May 20, 2019 - Monday 4:05 AM by JD Vergara
It still amazed me a little bit that not one of the “Otso Diretso” line up got in the senatorial race. I thought that maybe one or two would get in. They were indeed “flushed in the toilet bowl” as one of the videos in Facebook portrayed. I thought that at least Chel Diokno, with his legal advocacy on human rights, would have a chance in this election, but it seemed that I had underestimated the people’s attitude about them. The jinx I think is in Mar Roxas with his stupid traffic mEme and Jim Paredes for his unhinged sex video. They’re like the plague to be avoided. Weird turn of events in Philippine politics indeed.
Analysts are saying they had a wrong campaign strategy. They kept on hammering against President Duterte when he was not running for the Senate. By constantly attacking the President and his programs, they instead heaped upon themselves the ire of the people. They should have focused on their own platforms and worked hard at it instead of criticizing Duterte’s work. Further, analysts say that the group failed to promote its individual members and as a result, many of them were not known by the people. The group may be popular but the members were not. It makes sense indeed.
Well, blame it all on Francis Pangilinan who is the group’s campaign manager. His personal vendetta against Duterte did more damage that good. I think he took it personally when Duterte called him stupid and dumb for his Juvenile Delinquency Law. Since then, he was no longer the same Francis Pangilinan that I knew. This grudge may have marred the group’s chance when it focused on the issues they raised against the President. And at this point, Pangilinan is still at it: “To our supporters asking about the next steps after the election, our answer is clearer than the light of day: the issues of Chinese encroachment into our territory and our economy, the everyday extra-judicial killings while no government official or drug lord who have snuck in illegal drugs through Customs has been arrested or detained, the lack of decent wage and jobs for our people, and other similar issues do not end on election day.”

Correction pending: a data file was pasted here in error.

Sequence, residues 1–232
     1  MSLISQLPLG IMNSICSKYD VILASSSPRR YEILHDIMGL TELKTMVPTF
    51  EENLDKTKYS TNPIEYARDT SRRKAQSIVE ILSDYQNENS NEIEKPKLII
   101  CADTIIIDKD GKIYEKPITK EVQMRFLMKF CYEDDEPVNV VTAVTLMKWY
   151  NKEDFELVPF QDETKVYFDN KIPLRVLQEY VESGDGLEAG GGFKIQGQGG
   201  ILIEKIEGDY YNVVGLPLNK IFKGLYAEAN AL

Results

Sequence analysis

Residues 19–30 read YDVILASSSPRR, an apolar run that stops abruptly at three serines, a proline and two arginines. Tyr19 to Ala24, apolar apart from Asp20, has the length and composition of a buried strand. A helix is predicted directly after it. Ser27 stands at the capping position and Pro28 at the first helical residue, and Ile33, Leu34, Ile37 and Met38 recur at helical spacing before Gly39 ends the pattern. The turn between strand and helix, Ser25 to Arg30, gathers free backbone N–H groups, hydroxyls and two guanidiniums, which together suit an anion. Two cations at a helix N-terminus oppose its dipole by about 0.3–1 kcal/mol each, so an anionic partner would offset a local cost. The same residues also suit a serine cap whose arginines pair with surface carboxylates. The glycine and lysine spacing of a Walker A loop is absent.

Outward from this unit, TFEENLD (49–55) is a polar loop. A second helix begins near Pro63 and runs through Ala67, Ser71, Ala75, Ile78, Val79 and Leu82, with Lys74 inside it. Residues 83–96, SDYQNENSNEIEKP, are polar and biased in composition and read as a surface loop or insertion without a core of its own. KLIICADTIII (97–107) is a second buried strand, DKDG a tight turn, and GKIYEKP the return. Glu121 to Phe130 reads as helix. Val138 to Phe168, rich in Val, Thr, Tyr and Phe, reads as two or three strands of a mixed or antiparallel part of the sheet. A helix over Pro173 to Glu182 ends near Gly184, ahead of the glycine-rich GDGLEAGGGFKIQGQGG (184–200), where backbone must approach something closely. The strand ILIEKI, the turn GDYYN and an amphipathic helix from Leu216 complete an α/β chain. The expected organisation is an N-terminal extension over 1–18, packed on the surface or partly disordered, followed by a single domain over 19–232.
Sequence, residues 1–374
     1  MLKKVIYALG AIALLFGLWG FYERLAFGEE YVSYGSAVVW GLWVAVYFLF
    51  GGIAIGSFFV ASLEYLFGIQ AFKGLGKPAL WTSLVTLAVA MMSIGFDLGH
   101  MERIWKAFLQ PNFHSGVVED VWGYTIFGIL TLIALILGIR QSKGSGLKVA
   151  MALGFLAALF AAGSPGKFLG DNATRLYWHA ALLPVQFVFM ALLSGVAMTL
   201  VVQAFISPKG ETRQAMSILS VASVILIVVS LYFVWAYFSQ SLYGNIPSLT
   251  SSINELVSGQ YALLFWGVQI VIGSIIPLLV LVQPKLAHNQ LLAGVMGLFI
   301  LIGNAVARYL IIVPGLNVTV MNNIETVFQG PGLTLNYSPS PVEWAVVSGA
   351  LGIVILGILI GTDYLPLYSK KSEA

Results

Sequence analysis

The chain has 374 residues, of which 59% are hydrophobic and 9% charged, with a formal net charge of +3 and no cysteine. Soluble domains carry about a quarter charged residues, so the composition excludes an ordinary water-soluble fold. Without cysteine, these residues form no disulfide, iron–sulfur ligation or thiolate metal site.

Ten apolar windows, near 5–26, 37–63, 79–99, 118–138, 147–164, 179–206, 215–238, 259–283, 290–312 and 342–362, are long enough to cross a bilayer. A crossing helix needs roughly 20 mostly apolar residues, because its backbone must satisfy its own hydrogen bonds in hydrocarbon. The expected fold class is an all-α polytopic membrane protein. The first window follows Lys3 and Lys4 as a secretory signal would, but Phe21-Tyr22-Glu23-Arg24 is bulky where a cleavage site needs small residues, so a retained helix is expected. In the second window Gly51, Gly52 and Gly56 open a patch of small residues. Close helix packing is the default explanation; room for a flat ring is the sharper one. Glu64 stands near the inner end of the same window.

However, for me, the greater reason the Otso Diretso fell flat on its face is the changing political narrative in the Philippine politics. The group and their few followers are still wearing the EDSA Revolution ideological lens. Their message is still the same: human rights abuses, dictatorial regime, martial law, Ninoy legacy, and the Edsa Shrine. While these may have been quite relevant many years back, they no longer do in the light of the present problems of criminality, corruption, drug addiction, human trafficking, etc. These are real life problems in real time that need utmost political attention because they are slowly destroying our country. They have failed to transform their political narrative into an effective catalyst to address these common problems people face each day. The political lens has become obsolete and must therefore be abandoned.
Right now, the fear is the resurgence of the death penalty and this fear has been magnified with the entrance of the administration backed senators in the Senate. On this issue, the group during the campaign maintained that the Cebu teen rape-slay case should not be a reason for reviving the death penalty. Considering the death penalty as animalistic, Samira Gutoc said, “I am angry and moved to tears at what happened to that girl. This shouldn't have happened, but that should not bring out the animal in us.” Florin Hilbay chimed in and said, “What's scary is sometimes we use our emotional response to make an emotional policy response.” These lines betray lack of knowledge about the philosophical debate for the death penalty.
How the outcome of the election will turn out in the coming years remains to be seen. But I’d like to see more good things in the economy and in science and technology. I’d like to see economic changes not just in the National Capital Region but in Mindanao especially. My desire is that we’d become at par with China regarding technology (mobile computing) and like Israel in regards to science and technology. It’s time to move on and work for a better Philippines.
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